In order to determine which insurance is primary through the birthday rule, you will have to see which subscriber's birthday is first in the year. Their plan will be primary, and the other will be secondary.

In this example, the dad's birthday is on January 4th, and the mom's is on March 3rd. Because the dad's birthday comes before the mom's, his insurance is primary.

This rule only applies to the date of birth according to the calendar - it doesn't depend on the year the person was born.

When Medicare, Medicaid, and Tricare are involved

When state coverage insurances, such as Medicare, Medicaid, and Tricare are involved in determining primary insurance, you don't always follow the birthday rule.

Take the same family of four as used in the previous example.

In this example, however, the dad is a member of the military, and he has himself as well as the rest of his family covered under his military insurance, Tricare.

Because Tricare is a state-funded insurance, it will always be secondary to any other insurance, no matter when his birthday is.

The only insurance that will be secondary to Tricare is Medicare or Medicaid. Both Medicare and Medicaid are always secondary to any other insurance, no matter what.

How do multiple insurances affect claims processing?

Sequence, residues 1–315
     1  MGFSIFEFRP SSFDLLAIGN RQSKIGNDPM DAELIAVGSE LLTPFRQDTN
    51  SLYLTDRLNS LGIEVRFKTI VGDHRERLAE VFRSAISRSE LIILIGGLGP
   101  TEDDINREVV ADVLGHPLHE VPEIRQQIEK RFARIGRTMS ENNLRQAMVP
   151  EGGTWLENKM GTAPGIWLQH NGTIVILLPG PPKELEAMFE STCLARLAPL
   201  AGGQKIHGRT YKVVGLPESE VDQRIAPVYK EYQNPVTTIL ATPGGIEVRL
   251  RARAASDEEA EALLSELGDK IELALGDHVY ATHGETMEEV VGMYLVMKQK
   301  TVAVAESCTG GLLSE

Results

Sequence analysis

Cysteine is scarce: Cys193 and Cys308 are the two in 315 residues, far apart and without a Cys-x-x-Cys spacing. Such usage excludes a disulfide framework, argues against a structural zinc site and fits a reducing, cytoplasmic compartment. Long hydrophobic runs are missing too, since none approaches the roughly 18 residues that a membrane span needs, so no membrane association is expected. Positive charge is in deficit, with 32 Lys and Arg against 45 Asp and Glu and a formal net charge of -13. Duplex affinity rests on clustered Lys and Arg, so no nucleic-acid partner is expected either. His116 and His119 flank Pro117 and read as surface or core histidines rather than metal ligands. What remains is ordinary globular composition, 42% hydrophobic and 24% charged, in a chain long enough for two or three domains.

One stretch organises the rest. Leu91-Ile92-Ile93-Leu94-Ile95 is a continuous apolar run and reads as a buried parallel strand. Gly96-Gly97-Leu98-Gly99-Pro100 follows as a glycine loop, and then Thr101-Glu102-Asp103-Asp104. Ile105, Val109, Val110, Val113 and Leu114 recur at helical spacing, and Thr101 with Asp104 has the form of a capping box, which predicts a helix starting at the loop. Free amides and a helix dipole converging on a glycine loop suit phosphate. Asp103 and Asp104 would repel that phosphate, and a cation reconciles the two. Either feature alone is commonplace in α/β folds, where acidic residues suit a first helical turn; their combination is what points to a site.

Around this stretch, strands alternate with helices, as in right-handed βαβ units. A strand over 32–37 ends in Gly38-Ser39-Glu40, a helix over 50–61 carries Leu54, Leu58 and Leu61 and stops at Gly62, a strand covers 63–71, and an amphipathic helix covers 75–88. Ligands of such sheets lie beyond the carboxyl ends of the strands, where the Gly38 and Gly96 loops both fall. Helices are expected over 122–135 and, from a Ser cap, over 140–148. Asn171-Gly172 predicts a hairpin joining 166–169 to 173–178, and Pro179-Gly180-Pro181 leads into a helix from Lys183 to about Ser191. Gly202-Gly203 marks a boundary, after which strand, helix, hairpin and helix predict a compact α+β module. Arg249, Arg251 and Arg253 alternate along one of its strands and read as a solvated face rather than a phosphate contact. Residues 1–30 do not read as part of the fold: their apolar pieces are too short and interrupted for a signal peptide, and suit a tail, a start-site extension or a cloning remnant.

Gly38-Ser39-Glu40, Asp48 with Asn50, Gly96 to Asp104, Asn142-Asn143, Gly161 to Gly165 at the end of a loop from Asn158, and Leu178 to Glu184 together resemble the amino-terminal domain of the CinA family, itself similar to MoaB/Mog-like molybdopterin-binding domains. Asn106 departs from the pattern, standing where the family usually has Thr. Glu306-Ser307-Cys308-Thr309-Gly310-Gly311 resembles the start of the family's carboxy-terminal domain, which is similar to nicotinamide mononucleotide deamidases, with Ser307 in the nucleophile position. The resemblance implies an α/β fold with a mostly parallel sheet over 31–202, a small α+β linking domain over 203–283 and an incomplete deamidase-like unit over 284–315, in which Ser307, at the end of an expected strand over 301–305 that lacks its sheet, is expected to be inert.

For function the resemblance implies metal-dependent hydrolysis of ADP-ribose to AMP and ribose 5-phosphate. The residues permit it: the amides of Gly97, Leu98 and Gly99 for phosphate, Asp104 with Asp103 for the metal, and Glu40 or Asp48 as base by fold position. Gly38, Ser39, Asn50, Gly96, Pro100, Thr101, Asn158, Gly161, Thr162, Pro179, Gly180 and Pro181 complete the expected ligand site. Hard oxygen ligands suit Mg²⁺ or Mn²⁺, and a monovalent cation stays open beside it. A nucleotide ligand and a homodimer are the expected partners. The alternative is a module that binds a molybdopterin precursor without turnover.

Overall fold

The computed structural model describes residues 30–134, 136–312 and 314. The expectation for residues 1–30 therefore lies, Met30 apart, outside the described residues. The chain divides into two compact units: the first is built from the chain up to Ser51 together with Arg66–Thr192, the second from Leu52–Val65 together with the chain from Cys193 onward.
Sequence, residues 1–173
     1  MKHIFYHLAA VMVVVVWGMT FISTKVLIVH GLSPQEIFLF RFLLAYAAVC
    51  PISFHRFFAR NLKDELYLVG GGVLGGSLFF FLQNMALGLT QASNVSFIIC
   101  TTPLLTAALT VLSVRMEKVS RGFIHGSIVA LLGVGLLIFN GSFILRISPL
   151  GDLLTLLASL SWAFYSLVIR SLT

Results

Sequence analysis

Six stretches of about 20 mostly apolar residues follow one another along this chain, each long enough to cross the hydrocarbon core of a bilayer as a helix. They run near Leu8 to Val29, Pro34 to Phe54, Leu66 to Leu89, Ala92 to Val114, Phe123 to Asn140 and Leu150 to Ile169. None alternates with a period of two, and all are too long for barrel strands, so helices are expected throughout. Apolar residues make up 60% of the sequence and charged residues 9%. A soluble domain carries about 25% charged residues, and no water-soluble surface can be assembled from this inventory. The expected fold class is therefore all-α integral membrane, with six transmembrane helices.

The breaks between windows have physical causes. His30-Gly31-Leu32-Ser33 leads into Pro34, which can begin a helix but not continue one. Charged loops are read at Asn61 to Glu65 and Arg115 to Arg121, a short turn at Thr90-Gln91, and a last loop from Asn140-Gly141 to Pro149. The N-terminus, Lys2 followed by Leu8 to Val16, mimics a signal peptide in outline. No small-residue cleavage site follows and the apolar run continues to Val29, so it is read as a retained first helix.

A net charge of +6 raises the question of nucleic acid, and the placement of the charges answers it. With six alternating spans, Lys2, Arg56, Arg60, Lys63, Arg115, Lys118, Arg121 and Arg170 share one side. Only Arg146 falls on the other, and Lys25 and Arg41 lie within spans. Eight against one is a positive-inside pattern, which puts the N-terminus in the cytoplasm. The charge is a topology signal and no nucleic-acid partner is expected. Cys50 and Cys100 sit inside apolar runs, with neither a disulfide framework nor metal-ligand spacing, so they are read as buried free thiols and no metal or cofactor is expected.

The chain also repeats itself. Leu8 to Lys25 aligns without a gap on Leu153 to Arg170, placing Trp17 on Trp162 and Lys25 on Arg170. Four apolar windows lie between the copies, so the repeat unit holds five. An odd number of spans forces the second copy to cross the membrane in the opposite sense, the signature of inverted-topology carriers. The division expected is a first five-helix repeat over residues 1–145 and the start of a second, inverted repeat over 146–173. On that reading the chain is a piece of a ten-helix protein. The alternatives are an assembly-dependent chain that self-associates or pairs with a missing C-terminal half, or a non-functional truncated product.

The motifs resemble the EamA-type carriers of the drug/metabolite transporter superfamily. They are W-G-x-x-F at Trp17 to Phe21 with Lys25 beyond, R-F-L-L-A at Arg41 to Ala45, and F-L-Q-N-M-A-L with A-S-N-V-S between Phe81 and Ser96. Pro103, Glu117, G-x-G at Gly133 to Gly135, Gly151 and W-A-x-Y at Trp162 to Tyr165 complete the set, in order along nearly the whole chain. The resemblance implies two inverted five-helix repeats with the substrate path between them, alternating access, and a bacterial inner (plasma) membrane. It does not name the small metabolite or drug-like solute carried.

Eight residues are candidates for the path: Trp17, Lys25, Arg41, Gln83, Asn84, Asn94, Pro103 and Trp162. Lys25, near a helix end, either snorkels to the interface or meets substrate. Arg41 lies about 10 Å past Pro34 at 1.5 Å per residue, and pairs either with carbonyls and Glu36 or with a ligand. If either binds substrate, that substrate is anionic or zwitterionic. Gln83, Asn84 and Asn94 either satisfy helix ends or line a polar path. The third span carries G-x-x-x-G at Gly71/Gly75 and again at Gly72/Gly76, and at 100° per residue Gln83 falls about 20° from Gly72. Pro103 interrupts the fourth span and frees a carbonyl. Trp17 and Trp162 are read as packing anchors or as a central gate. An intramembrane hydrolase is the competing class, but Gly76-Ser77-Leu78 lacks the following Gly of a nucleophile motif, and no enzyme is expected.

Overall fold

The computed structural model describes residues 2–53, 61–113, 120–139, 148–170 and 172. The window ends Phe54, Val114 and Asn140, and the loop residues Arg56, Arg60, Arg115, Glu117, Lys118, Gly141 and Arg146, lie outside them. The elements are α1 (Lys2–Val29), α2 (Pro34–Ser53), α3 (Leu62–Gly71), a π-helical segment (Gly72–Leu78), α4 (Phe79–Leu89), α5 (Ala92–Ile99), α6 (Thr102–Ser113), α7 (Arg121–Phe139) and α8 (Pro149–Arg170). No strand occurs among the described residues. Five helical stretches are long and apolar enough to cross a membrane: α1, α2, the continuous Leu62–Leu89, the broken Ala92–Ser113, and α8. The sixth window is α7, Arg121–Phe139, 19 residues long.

What happens when state-funded insurance gets involved?

Multiple insurances can severely delay the processing of claims, and sometimes make it practically impossible to get your claims paid.

Certain insurances require an annual update from patients, regarding Coordination of Benefits (COB). If this information is not updated by the patient the insurance company will hold payment on the claim.

This means that they won't pay until the patient lets the insurance company know if they have more than one insurance company or not, and which one of the insurances is primary.

On your Explanation of Benefits from insurance companies, you may see a notice that the patient needs to update their COB.

Although this happens only occasionally, it can severely affect the timely payment of claims. See: timely filing of claims.

The insurance won't pay until the patient calls the insurance company. If you're having trouble getting your claims paid due to coordination of benefits, call the patient to see if they can call the insurance company and update.

If the patients are unresponsive, you'll have to call the insurance company to see if you're allowed to bill the patient.

Sending the patients the bill for the claim may be the only way to get them to notice that something is wrong with the processing of their claims.

Many times, waiting for a patient to update their Coordination of Benefits can delay the payment of a clean claim by months.

What happens when secondary insurance pays the claim first...

Multiple insurances can also be problematic when you erroneously send the original claim to the secondary insurance, and they pay on the full claim.

If this happens, you'll have to refund any payments made by the secondary insurance and resend the claim to the primary insurance.

After the primary insurance pays, you'll then resend the claim to secondary insurance, which will pay on any remaining amount. This is a complicated mess, and often takes months to finalize the claim.

Determining coordination of benefits before any claims are sent is an extremely important part of being an efficient medical biller.

If you can't determine which insurance is primary, you may need to call the insurance company, who will have COB information in their system.